Art buyers enter galleries expecting that the artist's name listed on the tag matches the work. To sell someone a counterfeit, even if it's a close visual match, is simply dishonest. One incident like this can send your professional reputation spiraling faster than you can say ''fake Rothko.'' Furthermore, this level of negligence opens you up to potential lawsuits.
Business insurance for an art gallery will protect your finances if a customer sues you for unwittingly selling fake art. After all, professional liability insurance covers ''negligence, misrepresentation, violation of good faith and fair dealing, and inaccurate advice'' claims. Your policy will pay the costs of your legal defense and judgments above your deductible. But art sellers be warned: Even this important commercial coverage doesn't extend to dishonesty.
Forgeries enter the art world in a variety of ways. Sometimes, artists create lookalikes specifically for the purpose of scamming auctions and showings. Other times, they do so to pay the bills—but their counterfeit products end up morphing into a bigger deceit. John Myatt, one of the most notorious forgers in recent history, was primarily worried about feeding his family. He created ''genuine fakes'' and advertised them as such. But then a buyer came back and said he'd sold one of these fakes to Christie's for over $30,000 USD. Myatt eventually went to prison for fraud—but he estimates 120 of his fakes are still out in the world.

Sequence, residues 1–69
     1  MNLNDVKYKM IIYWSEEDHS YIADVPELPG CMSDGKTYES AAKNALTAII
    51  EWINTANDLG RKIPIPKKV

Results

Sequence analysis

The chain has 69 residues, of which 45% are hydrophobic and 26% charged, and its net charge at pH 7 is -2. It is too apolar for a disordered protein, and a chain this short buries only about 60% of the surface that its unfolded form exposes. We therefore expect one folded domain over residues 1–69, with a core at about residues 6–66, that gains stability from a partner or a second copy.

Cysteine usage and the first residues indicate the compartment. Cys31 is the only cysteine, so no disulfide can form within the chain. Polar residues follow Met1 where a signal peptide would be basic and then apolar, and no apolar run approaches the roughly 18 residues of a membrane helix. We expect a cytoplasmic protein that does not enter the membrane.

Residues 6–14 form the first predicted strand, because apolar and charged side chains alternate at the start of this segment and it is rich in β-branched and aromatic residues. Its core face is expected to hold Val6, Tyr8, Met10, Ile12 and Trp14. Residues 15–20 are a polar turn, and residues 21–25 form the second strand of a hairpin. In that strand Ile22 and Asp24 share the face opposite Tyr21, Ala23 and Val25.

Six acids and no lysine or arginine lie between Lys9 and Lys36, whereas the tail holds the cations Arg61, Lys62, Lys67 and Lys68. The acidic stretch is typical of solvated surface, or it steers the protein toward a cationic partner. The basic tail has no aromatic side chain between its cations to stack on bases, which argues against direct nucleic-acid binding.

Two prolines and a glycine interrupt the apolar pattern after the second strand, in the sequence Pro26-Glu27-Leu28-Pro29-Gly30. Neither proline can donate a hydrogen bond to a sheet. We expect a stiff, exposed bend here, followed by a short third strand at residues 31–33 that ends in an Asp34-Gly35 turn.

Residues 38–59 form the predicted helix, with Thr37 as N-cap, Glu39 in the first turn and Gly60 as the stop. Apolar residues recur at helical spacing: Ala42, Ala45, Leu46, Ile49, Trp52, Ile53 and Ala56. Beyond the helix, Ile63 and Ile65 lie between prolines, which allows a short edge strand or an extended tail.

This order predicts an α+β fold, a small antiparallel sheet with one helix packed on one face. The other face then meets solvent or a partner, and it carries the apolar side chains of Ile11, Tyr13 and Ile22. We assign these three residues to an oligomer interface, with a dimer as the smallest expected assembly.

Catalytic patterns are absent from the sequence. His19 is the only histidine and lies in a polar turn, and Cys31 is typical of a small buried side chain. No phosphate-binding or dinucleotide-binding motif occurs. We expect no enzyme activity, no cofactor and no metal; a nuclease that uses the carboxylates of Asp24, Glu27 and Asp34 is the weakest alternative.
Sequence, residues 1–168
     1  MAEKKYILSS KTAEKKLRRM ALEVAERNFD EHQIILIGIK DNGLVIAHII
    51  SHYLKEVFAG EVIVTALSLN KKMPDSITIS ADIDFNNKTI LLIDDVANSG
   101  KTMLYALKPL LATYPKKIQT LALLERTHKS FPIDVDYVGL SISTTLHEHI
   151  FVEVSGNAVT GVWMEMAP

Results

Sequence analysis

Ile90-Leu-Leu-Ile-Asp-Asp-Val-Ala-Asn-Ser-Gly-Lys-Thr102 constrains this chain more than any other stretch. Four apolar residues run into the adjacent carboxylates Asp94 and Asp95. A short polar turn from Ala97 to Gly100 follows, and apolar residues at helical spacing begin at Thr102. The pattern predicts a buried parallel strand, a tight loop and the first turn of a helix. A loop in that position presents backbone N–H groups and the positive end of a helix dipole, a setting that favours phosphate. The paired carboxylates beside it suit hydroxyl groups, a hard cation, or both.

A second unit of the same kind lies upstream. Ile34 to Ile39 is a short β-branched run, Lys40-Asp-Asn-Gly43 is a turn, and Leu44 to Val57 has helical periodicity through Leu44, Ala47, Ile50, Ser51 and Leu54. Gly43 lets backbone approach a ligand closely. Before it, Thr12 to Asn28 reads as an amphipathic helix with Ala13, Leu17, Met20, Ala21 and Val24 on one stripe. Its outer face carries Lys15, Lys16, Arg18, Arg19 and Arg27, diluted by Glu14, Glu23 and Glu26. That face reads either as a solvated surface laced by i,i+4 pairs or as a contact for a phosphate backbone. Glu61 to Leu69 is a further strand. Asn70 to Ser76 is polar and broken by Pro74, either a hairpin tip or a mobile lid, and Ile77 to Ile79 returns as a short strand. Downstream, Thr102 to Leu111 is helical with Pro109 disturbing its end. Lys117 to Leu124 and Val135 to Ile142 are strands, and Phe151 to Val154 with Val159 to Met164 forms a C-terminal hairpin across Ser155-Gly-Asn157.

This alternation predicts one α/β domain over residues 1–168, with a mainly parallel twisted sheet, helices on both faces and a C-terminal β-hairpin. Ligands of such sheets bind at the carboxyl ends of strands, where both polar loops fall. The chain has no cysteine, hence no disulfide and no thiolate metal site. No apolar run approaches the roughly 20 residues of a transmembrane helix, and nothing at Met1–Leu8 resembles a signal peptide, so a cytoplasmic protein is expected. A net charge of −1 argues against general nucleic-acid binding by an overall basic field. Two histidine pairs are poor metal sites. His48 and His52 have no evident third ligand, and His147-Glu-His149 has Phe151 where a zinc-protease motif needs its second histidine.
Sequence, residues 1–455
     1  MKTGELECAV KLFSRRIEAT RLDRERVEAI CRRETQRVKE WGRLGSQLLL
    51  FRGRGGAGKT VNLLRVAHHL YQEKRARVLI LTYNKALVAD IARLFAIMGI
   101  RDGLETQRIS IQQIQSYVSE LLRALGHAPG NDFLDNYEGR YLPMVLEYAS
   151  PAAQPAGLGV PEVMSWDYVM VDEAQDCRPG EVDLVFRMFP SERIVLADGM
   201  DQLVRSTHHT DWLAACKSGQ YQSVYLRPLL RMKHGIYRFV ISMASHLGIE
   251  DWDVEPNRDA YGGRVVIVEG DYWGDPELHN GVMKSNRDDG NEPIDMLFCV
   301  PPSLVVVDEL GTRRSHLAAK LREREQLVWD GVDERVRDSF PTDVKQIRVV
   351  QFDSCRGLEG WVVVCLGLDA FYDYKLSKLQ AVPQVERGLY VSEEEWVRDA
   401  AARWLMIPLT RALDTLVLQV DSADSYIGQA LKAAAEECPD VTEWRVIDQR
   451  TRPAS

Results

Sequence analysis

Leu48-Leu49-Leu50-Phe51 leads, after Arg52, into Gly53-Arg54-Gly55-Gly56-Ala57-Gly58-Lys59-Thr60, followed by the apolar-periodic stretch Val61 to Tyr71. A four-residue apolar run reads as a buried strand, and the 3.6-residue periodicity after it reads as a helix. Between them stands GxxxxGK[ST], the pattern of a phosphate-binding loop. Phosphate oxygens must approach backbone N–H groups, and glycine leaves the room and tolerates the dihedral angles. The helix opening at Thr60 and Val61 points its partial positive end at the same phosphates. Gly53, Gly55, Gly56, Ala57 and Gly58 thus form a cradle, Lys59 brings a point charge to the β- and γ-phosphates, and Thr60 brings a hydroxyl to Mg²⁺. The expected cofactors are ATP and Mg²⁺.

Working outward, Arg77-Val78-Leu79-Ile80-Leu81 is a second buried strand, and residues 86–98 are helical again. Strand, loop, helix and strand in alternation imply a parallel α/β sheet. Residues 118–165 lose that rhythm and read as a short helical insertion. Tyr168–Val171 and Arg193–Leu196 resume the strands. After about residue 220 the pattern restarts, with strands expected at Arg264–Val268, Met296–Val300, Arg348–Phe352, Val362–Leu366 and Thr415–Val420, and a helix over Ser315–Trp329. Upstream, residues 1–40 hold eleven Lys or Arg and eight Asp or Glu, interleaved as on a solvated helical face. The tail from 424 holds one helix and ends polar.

Some experts believe about half of all art in circulation is fake. But 70 to 90 percent of the artwork the Fine Arts Expert Institute (FAEI) sees is fake. This organization uses scientific methods like infrared reflectography and radiocarbon dating to determine authenticity, as Business Insider reports.
While your art gallery may lack ready access to these tech tools, you can reduce the risk of selling forgeries. As Art Law Journal writes, ''Most well-respected galleries would be hesitant to ruin their reputation by even accidentally selling a forgery.'' Start by looking into the provenance—or official ownership history—before you purchase or sell a single piece. A solid provenance will account for an artwork's entire lifespan, from creation to current day. Your gallery should also develop a partnership with a reputable, certified art appraiser. These individuals have the training, credentials, and skill set to determine what's what in the art world.
If the documentation seems too vague to verify or too good to be true, it probably is. When 165-year-old gallery Knoedler & Company was found to be selling fakes, one lawsuit honed in on this concept. Collectors who acquired counterfeits through the company believe the director should have realized the paintings were fake. The gallery was allegedly buying them for prices below market value from an unscrupulous dealer. It turns out these replications were coming out of a garage in Queens, New York. The gallery ended up settling the lawsuit, which was originally seeking $25 million in damages for an undisclosed amount. The defendants alleged they too, were misled; the plaintiffs accused them of ignoring red flags.
Selling artwork without achieving proper authentication is a dangerous gamble. Your art gallery should take all necessary precautions to protect its financial and reputational well-being.
And, in case a buyer or collector does sue you for a mistake, carry business insurance for your art gallery. Here's where CoverHound can help. Get a free quote for your gallery today!